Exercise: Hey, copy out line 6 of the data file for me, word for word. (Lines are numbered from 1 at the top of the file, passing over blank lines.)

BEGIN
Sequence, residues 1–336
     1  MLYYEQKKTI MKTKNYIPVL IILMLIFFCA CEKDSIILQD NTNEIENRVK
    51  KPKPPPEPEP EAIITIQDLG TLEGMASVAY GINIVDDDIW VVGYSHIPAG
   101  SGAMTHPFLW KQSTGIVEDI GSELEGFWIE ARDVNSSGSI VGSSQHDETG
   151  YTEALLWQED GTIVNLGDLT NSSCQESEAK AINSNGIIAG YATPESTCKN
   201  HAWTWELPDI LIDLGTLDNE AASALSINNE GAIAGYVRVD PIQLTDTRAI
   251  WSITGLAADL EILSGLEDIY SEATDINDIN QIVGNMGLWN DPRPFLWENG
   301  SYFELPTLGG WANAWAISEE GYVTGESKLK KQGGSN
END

   201  HAWTWELPDI LIDLGTLDNE AASALSINNE GAIAGYVRVD PIQLTDTRAI